LTV met a refugee from Ukraine, Irina, at the support center in Rīga. She came to Latvia at the end of March but at the moment she is afraid to drive as she does not want to violate Latvia's laws.
Irina said she had been to the Road Traffic Safety Directorate (CSDD) twice and realized that the statutory registration of a car would cost her more than €1,000. Irina was told that when she registered the vehicle she would have to pay 10% of the value of the car on the customs duty.
“At the moment, the information that I and my acquaintances have, that in order to register a car here, we have to carry out clearing, customs duties, roadworthiness, certification, and changing plates,” said Irina.
The information provided to Irina is partly true, as the requirement for a customs duty does not apply to refugees from Ukraine, said Ivars Vucens, head of the Customs Consultation Division of the State Revenue Service (VID). The trouble is that the information is not widespread and many have not received it. In order to obtain the exempt status, the refugee must contact a customs broker and complete the customs declaration, which must be accompanied by a personal identification document, an application in free form for a change of place of residence due to war, and a copy of the long-term visa issued by the Office for Citizenship and Migration Affairs (PMLP) with the right to work without restriction. The completed declaration must be brought to CSDD.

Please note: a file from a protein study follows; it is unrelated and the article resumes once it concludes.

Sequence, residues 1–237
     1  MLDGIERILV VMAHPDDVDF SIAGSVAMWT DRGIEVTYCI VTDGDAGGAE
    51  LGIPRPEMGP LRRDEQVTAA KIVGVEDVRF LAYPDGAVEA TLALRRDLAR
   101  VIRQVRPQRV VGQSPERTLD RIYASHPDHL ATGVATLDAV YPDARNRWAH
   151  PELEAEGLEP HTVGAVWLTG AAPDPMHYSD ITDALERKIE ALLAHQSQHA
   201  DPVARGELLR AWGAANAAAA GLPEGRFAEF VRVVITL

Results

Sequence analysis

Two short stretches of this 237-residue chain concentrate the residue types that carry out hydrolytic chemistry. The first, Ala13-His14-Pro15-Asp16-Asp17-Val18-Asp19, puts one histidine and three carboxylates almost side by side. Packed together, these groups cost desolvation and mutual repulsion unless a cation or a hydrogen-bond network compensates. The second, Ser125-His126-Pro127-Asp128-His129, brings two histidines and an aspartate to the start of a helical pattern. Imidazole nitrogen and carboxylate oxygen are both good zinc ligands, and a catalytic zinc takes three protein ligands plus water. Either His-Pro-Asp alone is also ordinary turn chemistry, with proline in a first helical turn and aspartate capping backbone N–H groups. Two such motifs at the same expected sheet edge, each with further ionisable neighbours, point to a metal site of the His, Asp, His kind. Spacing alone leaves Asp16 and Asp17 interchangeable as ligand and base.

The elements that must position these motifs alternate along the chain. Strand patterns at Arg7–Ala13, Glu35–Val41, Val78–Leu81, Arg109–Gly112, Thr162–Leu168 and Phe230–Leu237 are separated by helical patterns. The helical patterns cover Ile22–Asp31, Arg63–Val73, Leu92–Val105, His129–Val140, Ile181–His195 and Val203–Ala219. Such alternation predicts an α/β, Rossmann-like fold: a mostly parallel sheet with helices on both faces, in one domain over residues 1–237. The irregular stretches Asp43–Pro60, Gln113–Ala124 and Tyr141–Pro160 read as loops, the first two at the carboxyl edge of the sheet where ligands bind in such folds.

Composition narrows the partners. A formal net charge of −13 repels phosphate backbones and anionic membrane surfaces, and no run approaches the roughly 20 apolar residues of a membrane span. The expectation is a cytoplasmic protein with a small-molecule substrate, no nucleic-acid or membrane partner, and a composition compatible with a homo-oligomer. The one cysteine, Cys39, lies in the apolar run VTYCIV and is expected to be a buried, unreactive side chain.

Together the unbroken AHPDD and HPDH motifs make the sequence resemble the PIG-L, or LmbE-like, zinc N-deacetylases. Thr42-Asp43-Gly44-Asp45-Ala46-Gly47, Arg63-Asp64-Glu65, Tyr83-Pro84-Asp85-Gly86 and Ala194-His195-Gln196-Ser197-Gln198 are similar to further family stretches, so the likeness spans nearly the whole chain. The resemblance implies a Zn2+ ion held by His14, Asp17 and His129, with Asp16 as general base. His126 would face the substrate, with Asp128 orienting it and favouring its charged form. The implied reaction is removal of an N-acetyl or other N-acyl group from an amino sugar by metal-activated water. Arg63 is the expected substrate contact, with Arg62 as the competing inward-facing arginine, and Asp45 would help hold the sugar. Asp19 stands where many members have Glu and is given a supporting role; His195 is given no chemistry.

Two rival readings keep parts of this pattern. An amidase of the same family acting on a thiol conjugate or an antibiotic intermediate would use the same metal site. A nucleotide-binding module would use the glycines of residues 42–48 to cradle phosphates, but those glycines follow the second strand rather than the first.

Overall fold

The trouble does not end there. CSDD said that at present fewer than ten Ukrainian cars have been registered in Latvia because the arrangements for registering the car are intended to certify it if the vehicle was manufactured for a market outside the European Union (EU). A large proportion of cars with Ukrainian number plates have not been manufactured for the European market.
“Without this certification, which is currently required by legislation, this registration cannot be carried out at all,” said CSDD spokesman Mārtiņš Mālmeisters.
Thus, at the moment, there is either a requirement for very expensive certification or a ban on driving after 90 days since arrival.
The Ministry of Transport told LTV that on Wednesday the Saeima's responsible commission will see amendments to the law in order to remove the certification requirements for Ukrainian refugees and to register a vehicle registered in Ukraine for up to three years in Latvia without a statement of compliance. It is planned that these amendments could be approved by the Saeima on Thursday and would enter into force on the day following the announcement of the amendments.